What you need to know
- Ubisoft has announced plans to clamp down on Rainbow Six Siege players on consoles using mouse and keyboard.
- Devices like the XIM and Cronus that spoof a mouse and keyboard as a controller can be detected and will be dealt with. But not with bans.
- Mouse and keyboard offer an advantage against controller players and Ubisoft is going to level the playing field again.
If you currently use something like a XIM or Cronus device to spoof Rainbow Six Siege into allowing you to use a mouse and keyboard on your Xbox, then you need to listen up.
Your time is up.
Ubisoft has announced that it not only has a tool to detect your cheating but that it's going to make sure you don't want to use it by messing with your super happy fun mouse and keyboard time by adding increased latency to screw up your aim.
So you won't get banned, but your games will be purposely made bad until you unplug it and play like everyone else.
In the video above (click play to start at the relevant part), Ubisoft talks about the tool it calls Mousetrap. Cute, right?
Mousetrap is designed to detect these supposedly undetectable devices. Better still, it has been secretly running in the background for a while now and Ubisoft says it's well aware of who is using these devices to spoof a mouse and keyboard.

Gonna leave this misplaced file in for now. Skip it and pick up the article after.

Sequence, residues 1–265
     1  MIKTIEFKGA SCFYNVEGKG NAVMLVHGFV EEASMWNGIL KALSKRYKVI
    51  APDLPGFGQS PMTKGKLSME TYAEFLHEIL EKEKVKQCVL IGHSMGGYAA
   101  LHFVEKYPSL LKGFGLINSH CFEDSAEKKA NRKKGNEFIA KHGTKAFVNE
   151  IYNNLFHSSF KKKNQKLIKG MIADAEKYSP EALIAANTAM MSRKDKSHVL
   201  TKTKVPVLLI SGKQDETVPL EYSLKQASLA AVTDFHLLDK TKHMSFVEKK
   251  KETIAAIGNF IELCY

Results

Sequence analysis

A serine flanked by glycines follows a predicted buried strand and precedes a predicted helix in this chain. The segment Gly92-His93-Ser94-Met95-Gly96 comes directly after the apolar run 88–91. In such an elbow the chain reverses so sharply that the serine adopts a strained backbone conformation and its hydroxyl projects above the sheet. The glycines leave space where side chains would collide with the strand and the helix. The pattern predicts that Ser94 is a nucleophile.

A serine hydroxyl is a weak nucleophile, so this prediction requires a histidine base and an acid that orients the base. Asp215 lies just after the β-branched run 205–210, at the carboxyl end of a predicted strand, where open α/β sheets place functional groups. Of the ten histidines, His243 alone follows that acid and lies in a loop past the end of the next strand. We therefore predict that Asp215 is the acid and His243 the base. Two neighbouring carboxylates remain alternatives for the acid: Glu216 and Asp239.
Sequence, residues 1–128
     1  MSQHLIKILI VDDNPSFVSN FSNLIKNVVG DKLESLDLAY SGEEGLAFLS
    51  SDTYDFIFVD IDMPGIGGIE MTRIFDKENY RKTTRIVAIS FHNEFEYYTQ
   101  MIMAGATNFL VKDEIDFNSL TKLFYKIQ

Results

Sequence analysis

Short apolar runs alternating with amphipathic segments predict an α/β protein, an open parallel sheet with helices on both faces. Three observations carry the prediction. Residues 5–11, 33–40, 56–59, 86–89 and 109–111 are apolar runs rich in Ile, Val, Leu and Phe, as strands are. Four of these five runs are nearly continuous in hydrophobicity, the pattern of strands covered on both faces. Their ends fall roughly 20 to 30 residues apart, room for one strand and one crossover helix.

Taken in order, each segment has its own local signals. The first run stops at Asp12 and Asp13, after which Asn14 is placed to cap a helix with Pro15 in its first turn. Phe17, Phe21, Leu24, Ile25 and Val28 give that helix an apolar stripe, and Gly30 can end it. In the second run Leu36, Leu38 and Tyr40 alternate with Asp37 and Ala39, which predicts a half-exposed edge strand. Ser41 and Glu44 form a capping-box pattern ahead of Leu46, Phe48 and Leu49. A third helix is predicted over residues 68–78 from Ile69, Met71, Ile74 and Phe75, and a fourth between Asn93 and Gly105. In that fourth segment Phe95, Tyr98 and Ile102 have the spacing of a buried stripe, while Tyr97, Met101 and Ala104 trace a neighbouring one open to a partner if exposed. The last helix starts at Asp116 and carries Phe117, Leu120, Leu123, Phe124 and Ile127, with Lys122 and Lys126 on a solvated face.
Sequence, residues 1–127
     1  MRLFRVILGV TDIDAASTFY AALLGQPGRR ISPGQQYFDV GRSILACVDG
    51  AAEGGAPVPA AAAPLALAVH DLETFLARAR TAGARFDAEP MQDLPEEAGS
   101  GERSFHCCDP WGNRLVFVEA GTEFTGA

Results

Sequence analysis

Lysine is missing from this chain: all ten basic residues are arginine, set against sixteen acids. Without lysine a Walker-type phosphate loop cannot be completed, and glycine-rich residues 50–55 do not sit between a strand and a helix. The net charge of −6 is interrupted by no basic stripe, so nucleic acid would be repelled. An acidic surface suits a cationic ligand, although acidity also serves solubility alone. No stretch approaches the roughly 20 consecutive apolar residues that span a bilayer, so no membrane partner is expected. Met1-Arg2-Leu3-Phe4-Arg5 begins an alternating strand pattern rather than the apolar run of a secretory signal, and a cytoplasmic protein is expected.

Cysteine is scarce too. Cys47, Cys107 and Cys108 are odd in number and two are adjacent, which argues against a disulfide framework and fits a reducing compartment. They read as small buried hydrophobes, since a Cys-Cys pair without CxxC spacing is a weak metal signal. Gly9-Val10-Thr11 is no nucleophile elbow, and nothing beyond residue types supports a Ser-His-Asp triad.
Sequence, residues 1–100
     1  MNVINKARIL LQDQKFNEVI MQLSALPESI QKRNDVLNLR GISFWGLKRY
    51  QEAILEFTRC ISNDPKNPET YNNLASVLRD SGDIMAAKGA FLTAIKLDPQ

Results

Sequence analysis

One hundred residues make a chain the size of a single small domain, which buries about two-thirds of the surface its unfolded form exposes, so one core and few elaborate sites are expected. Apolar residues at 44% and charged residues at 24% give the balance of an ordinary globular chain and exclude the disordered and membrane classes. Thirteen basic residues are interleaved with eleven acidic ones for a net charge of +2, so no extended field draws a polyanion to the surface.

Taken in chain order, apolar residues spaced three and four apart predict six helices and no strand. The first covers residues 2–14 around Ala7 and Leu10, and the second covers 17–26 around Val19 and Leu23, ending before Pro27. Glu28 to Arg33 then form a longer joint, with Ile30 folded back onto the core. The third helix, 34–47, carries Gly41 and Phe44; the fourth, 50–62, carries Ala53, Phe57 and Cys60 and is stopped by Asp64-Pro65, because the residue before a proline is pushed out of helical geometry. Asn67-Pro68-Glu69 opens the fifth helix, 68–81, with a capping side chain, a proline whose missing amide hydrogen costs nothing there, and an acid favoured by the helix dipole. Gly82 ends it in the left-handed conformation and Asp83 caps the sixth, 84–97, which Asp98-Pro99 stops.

The added latency will start out almost unnoticeable but will begin to increase over subsequent matches. To make it start going back down again you'll have to unplug your spoofing device. Basically, Ubisoft is going to make it such a pain to use in the first place that hopefully you'll just stop altogether and play with a controller like your other console buddies.
There is a question over accessibility, with some players legitimately using one of these devices to help them play at all. Ubisoft is sympathetic to anyone doing this and wants to hear from its players who use them in this way.
But the sad truth is that the vast majority of these devices are essentially used to cheat. To gain an advantage over the controller using crowd because a mouse and keyboard allow for better movement and more accurate aim. That's why these things are sold at all.
For accessibility on Xbox, Microsoft has its own excellent Adaptive Controller that is a much better shout anyway. For everyone else, time to play nice or have a horrible time.
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Richard Devine is a Managing Editor at Windows Central with over a decade of experience. A former Project Manager and long-term tech addict, he joined Mobile Nations in 2011 and has been found on Android Central and iMore as well as Windows Central. Currently, you'll find him steering the site's coverage of all manner of PC hardware and reviews. Find him on Mastodon at mstdn.social/@richdevine